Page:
2. Message standardization of hub payments. Many payment hub solutions standardize the format of the various payment messages. Why is this needed? Different banks – and even countries within a single bank – have numerous different formats for various types of payments.  Maintaining this rat’s nest of formats is a significant resource drain for the finance team and their IT departments. The formatting work isn’t just a one-time setup. Banks are regularly updating their formats, so ongoing maintenance and further resources are needed.
  3. Message monitoring. Success of payments is critical to business operations and maintenance of successful relationships. Whether that be with your banks or suppliers, timely and consistent payments are a large part of what is used to benchmark customers.  Another benefit of a payment hub is the centralization of all payment messages. It means there is a single source of truth for all systems which should tie directly to the bank activity, simplify reconciliation, and enable consistency of payment delivery across the organization.

Beyond these three core tasks, there are 3 more things that are possible with a payment hub:

Payment Screening

Companies must comply with the economic and trade sanctions imposed by the government(s) that control where they do business. For example, in the United States, companies must adhere to rules and regulations set by the Office of Foreign Assets Controls (OFAC), which is part of the Department of Treasury. OFAC publishes lists of individuals and companies owned or controlled by, or acting for or on behalf of, targeted countries. It also lists individuals, groups, and entities, such as terrorists and narcotics traffickers designated under programs that are not country-specific.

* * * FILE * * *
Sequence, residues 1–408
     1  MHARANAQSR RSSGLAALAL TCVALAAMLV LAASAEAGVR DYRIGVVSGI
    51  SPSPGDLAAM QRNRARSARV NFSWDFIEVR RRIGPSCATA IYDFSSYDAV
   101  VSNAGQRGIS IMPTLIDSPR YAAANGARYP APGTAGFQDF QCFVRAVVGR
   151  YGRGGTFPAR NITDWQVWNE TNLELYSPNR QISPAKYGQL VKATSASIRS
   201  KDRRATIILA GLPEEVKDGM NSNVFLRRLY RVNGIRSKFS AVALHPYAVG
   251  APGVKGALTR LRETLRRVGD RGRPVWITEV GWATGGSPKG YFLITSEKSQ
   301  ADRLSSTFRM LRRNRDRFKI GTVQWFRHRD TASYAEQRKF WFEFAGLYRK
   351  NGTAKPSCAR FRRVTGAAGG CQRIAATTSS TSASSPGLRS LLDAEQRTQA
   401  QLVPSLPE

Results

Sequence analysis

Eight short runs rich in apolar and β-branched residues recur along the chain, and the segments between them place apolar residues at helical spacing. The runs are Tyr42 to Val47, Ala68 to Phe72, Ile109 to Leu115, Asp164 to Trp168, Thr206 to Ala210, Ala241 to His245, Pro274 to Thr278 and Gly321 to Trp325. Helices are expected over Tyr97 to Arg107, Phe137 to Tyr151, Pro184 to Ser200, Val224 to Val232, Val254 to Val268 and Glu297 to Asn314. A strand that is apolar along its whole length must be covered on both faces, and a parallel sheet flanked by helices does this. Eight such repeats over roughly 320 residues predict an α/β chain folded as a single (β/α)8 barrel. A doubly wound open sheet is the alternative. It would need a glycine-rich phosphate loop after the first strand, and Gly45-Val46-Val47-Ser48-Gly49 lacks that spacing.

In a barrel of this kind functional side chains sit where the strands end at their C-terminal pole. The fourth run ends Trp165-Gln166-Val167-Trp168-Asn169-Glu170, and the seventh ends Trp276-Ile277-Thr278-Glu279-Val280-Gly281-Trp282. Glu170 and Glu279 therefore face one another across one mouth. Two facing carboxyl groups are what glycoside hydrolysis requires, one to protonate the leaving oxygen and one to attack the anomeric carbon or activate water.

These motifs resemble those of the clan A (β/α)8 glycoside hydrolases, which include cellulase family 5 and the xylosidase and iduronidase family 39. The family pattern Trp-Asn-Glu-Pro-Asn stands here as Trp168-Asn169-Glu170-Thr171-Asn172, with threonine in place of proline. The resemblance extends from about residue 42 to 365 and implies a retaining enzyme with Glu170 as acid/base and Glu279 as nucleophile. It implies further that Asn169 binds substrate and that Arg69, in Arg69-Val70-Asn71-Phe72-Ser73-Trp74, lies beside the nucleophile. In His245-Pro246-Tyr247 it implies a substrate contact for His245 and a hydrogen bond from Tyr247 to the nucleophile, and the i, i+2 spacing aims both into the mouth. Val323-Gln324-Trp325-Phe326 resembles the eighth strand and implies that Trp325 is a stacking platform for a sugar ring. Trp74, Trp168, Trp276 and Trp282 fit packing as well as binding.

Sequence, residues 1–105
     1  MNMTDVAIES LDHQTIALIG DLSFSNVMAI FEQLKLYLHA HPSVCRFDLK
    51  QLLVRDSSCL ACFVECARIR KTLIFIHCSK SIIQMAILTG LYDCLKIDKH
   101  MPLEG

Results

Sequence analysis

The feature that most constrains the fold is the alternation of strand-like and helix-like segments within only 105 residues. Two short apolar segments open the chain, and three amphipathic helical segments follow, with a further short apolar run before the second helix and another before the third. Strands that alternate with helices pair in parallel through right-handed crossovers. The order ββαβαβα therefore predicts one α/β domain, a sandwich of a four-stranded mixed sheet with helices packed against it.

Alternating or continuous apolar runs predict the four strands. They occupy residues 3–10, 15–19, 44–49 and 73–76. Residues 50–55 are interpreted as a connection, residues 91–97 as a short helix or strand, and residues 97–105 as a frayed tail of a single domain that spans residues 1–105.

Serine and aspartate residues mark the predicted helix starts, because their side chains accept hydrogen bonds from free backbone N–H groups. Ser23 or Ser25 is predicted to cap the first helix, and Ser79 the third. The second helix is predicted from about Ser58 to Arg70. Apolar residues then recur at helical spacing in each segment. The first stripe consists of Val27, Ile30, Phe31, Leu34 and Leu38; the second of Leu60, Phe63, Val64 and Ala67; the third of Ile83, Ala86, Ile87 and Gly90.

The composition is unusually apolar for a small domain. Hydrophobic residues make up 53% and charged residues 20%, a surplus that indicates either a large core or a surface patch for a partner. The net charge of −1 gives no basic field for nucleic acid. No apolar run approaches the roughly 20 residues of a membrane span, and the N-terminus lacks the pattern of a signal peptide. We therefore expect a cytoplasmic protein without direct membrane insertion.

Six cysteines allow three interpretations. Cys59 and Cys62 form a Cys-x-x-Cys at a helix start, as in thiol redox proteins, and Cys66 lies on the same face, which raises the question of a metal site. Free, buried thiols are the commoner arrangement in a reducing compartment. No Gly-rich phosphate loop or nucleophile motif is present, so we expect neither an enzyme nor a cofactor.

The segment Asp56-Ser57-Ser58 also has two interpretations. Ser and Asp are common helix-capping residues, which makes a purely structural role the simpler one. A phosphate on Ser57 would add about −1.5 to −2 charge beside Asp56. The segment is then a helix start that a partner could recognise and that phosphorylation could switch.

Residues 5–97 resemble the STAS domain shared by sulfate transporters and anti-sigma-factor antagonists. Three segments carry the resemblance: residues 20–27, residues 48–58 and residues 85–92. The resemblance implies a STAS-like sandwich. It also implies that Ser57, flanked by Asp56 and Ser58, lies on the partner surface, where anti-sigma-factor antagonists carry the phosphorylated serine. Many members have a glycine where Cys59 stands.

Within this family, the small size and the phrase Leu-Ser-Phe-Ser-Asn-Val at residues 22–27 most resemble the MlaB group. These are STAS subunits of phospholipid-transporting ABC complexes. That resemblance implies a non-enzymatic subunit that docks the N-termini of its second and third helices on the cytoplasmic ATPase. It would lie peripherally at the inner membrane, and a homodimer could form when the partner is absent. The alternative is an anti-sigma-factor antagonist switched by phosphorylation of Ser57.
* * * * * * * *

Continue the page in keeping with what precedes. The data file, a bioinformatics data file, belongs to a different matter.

Companies subject to OFAC regulations must comply with these rules, or face fines and penalties. For finance, this often means ensuring that a payment does not go to a sanctioned country or entity. If this happens, the company can expect to be hit with a fine, penalty, or worse.The centralized aspect of a payment hub makes it easier to check payments against sanctioned party lists, therefore minimizing the risk of breaking these rules.

Sanctions and the corresponding regulations for money movement are not limited to the United States. Many countries around the globe enforce similar sanctions.

Fraud Detection

The centralized nature of a payment hub also enables faster and easier detection of fraudulent activity. With everything in one spot, it’s easier to compare and identify suspicious payments, and can simplify the prevention of fraud in the future.

Communication for Non-Payment Data:

All payment hubs work with payment data. Some payment hubs go beyond that and provide additional types of data like bank statements and non-bank information. An example of non-bank information that can be provided by a payment hub is remittance or other types of financial information.